Oh look, there’s a sign about a fatal shark attack. But that was two years ago.
That shark’s gone by now. I’m sure it’s OK.
Wanna bet your life?
Driving to the Bay area in the summer of 2011, we had a couple of days to spend some time in Santa Barbara where we planned to visit a favorite restaurant or two, walk the beach and visit a “rich people junk” thrift shop we’d found on a previous visit.
But as won’t surprise you for summer beach lodging in Santa Barbara, there were no rooms available, not even at the priciest joints. The on-line reservation system scanned up and down the coastline, from Oxnard to San Luis Obispo, and the closest we could find was an Embassy Suites an hour away in Lompoc.
But we only planned to sleep there so, sure, why not.
Nonetheless, the morning after we arrived and before driving down to Santa Barbara, we decided to have a look around Lompoc — there was an artichoke field we passed on the way in. I never knew what they looked like while growing.
Maybe there would be something else worth seeing in Lompoc. Who knows?
Unfortunately, it’s not much of a town and the nearby Vandenberg Air Force Base doesn’t particularly help. It was Ok for a almost-military town but that was about it.
Or so we thought.
But then, purely on a whim, we drove west down the two lane road next to that artichoke field,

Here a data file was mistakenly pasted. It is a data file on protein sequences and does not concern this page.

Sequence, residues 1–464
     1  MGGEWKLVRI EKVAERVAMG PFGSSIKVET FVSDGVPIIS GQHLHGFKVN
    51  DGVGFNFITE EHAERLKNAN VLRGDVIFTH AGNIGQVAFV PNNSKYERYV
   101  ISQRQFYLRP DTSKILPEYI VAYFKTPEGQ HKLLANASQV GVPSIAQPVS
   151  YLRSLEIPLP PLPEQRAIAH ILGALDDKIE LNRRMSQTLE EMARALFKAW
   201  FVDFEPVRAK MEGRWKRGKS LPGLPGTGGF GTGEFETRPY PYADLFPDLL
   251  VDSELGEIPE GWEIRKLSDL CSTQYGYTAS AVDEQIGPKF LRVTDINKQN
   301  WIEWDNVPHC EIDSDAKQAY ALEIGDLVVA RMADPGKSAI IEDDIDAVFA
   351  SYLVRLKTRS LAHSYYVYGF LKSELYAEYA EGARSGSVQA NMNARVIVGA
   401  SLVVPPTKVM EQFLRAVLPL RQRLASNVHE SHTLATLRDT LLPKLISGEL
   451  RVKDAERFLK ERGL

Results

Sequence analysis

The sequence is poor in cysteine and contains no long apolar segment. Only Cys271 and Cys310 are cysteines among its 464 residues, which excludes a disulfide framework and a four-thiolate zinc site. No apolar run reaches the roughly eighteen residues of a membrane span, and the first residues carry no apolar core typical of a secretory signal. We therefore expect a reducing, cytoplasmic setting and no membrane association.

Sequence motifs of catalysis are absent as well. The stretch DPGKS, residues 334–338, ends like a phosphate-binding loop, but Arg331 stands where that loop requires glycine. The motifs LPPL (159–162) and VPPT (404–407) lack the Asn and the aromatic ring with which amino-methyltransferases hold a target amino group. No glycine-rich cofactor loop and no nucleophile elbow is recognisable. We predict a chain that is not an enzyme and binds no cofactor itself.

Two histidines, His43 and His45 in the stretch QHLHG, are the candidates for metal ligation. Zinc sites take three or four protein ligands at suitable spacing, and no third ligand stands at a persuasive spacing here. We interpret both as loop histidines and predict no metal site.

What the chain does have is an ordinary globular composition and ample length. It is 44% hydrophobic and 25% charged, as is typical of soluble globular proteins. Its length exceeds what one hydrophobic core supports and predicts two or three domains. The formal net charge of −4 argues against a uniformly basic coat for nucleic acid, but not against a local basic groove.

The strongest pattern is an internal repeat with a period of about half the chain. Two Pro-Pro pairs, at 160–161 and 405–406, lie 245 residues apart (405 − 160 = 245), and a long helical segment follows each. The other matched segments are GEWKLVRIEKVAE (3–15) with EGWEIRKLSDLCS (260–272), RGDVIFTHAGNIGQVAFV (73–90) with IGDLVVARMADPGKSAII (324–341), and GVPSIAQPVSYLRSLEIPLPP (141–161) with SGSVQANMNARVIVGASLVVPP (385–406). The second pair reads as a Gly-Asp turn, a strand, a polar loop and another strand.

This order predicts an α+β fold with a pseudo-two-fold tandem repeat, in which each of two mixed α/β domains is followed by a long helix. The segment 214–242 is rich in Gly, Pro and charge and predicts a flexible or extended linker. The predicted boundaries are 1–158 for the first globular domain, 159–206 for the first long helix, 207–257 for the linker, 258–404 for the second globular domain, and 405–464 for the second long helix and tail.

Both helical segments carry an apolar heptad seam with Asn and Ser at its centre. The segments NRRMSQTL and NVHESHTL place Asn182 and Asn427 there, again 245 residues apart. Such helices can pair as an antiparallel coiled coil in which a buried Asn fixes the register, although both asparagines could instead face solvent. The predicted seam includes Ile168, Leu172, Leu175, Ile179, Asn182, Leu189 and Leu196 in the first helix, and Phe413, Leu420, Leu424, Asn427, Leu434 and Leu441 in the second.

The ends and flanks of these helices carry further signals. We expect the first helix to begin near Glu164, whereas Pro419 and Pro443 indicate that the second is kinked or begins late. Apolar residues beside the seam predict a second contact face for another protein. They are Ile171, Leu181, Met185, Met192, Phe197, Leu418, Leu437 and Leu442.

“The ocean has to be over this way. Let’s go see how it looks.”
And just over the rise on which sat the tracks of the rail line that runs up to San Francisco, we found what we briefly thought was the perfect beach. It was isolated and not marked on the main highway. Looking up and down the beach from where we parked, there were no people, no trash and … it was perfect!
Then we saw the sign.
In an instant, all thoughts of the kids and grandkids going on a beach vacation with gramma and grampa to this secret, pristine spot were eradicated.
What was initially and spectacularly “California beach au naturale” suddenly became the site of screaming, bloody horror. Death was here. Violent, painful, horrible death.
We left the beach and fled to the smiling shopkeepers, waiters and waitresses of Santa Barbara.
It’s now two years since that earlier fatal attack that prompted the sign that so shocked us.
And now there’s been another fatal attack. Same beach, same time of year, same result, two years later.
In both cases, experts speculate the shark was only taking a taste, just a small bite mind you, to see if it was something he might like. And in both cases, it wasn’t.
No “chomp, wrench and tear.”
Instead, “that’s bad, spit it out.”
But that “small bite” by a Great White was fatal in both cases.
The surfers say — not ask but say — “What’re the odds of it happening again” and then shrug their shoulders before paddling out.
Pleasure in the present moment does, I guess, drown out the horrors of what might happen.
Is it part of our optimistic, hope for the best, genetic make-up, or are we just being foolish when we decide to take the risk?
Youth and folly often go together. The victim in the first attack was 19 but the second was 39. That’s old enough to know better.
“Enjoy the moment. Tomorrow will take care of itself.”
Beaches in the area were closed after this second attack, but then re-opened 72 hours later.
“That shark’s gone by now,” I’m sure someone said.
I wonder if they’ll post an additional sign or add a notice of the second attack to the first sign?
Oh wait, California’s broke. Forget the sign.
They can’t afford it.